Stanly County Sheriff’s Department: Deputy charged with trafficking schedule III drugs.
Wake County Sheriff’s Department: Investigations into two deputy officers for theft of narcotics and cash. One officer charged “with two counts of embezzlement and one count of possession with intent to sell and deliver marijuana.” Suspicions heightened after the officer allegedly substituted a “bag containing blank paper sandwiched between two $1 bills” for a bag containing $6,435 and narcotics that Wake County Sheriff’s Department had earlier entered as evidence and then allowed the deputy to check out.
Washington County Sheriff’s Department: Sheriff sent to prison for embezzling department funds. Undeterred, he runs for sheriff again upon release.
Which is to say that “trust us-we’re the police” is not a sufficient safeguard (nor has it ever been). The people need complete control of the appropriation process with the levers to compel transparency and accountability. As he often did, James Madison put it well.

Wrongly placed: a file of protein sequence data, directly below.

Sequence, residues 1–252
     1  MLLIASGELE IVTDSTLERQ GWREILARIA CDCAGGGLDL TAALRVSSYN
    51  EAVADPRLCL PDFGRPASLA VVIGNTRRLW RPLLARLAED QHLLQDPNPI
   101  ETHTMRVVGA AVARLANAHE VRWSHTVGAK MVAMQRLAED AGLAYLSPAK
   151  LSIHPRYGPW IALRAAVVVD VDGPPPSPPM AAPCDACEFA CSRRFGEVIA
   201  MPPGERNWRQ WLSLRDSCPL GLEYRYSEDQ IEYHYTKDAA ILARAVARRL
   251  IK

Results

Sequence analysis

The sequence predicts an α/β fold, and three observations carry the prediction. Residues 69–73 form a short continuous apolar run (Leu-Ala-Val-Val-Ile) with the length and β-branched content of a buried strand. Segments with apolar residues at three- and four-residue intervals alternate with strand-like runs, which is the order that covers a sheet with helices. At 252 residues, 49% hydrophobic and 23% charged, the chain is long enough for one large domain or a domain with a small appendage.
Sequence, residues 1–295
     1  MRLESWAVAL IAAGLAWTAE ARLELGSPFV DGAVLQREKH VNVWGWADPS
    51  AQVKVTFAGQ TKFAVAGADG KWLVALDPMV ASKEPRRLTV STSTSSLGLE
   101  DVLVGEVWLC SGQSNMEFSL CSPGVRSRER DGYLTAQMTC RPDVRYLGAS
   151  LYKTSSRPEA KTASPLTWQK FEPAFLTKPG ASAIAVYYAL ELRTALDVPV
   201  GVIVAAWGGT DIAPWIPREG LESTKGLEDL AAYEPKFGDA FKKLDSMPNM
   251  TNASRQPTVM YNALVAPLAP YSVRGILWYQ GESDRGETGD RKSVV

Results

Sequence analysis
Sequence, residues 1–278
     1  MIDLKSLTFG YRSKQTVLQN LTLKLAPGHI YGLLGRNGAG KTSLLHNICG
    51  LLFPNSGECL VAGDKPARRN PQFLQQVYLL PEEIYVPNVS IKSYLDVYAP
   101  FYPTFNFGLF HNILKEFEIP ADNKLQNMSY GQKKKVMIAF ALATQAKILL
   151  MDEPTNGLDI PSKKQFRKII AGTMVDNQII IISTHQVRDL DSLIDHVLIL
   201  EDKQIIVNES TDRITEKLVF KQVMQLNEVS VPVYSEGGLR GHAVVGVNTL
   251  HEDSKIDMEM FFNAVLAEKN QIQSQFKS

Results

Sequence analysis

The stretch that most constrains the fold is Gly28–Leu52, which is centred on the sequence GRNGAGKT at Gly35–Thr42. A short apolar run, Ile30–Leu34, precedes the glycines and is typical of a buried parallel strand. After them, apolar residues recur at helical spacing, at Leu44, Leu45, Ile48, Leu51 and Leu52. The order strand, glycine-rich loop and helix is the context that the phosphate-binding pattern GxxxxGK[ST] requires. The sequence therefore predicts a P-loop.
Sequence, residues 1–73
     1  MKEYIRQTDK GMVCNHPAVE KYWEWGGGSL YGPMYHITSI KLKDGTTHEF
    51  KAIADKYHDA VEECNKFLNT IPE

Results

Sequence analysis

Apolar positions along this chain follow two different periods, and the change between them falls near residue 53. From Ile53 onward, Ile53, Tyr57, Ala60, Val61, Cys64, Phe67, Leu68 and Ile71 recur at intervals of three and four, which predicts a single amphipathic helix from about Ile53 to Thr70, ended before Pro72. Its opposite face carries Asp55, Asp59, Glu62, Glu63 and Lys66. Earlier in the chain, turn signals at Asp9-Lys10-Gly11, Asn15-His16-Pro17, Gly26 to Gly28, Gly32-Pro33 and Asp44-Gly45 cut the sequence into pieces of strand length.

The House of Representatives cannot only refuse, but they alone can propose, the supplies requisite for the support of government. They, in a word, hold the purse — that powerful instrument by which we behold, in the history of the British Constitution, an infant and humble representation of the people gradually enlarging the sphere of its activity and importance, and finally reducing, as far as it seems to have wished, all the overgrown prerogatives of the other branches of the government. This power over the purse may, in fact, be regarded as the most complete and effectual weapon with which any constitution can arm the immediate representatives of the people, for obtaining a redress of every grievance, and for carrying into effect every just and salutary measure. -Federalist #58